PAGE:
A comparison of static and dynamic measures of lower limb joint angles in cycling: application to bicycle fitting
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School of Physical Education of the Army, Center for Physical Training of the Army, Rio de Janeiro, Brazil
Sport Performance Research Institute New Zealand, Auckland University of Technology, Auckland, New Zealand
Online publication date: 2018-04-04
Hum Mov. 2016;17(1):36-42
Configuration of bicycle components to the cyclist (bicycle fitting) commonly uses static poses of the cyclist on the bicycle at the 6 o’clock crank position to represent dynamic cycling positions. However, the validity of this approach and the potential use of the different crank position (e.g. 3 o’clock) have not been fully explored. Therefore, this study compared lower limb joint angles of cyclists in static poses (3 and 6 o’clock) compared to dynamic cycling.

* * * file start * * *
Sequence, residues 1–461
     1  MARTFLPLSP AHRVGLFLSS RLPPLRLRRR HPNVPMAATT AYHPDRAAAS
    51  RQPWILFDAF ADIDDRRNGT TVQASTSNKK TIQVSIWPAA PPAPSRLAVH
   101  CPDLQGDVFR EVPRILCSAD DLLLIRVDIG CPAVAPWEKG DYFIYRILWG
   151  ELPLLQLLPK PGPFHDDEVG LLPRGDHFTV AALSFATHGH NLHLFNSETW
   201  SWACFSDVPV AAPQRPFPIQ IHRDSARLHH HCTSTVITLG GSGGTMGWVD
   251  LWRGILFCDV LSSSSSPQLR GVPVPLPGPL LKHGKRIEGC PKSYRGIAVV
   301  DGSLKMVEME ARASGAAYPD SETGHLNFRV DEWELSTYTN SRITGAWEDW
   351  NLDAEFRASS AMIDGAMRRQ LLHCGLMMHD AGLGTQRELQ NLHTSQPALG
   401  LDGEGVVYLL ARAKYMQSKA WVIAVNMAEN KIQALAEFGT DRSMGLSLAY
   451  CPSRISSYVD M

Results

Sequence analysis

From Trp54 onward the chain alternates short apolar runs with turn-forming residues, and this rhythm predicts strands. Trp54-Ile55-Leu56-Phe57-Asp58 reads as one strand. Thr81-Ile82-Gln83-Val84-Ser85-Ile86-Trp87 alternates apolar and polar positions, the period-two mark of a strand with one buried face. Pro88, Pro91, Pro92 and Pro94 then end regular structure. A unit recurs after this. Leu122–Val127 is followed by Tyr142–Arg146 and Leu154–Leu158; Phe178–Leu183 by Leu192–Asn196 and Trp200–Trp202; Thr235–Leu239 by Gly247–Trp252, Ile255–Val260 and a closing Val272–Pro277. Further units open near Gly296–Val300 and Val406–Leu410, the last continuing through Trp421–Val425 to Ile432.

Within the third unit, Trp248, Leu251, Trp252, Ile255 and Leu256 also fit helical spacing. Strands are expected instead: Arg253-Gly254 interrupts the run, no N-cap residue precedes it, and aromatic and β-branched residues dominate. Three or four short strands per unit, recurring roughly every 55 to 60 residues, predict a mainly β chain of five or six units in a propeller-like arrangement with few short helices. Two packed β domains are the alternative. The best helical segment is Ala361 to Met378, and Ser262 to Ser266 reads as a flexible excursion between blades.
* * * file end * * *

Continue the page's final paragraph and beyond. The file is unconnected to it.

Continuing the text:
Using a digital camera, right sagittal plane images were taken of thirty cyclists seated on their own bicycles mounted on a stationary trainer with the crank at 3 o’clock and 6 o’clock positions. Video was then recorded during pedalling at a self-selected gear ratio and pedalling cadence. Sagittal plane hip, knee and ankle angles were digitised.

Differences between static and dynamic angles were large at the 6 o’clock crank position with greater mean hip angle (4.9 ± 3°), smaller knee angle (8.2 ± 5°) and smaller ankle angle (8.2 ± 5.3°) for static angles. Differences between static and dynamic angles (< 1.4°) were trivial to small for the 3 o’clock crank position.

To perform bicycle fitting, joint angles should be measured dynamically or with the cyclist in a static pose at the 3 o’clock crank position.

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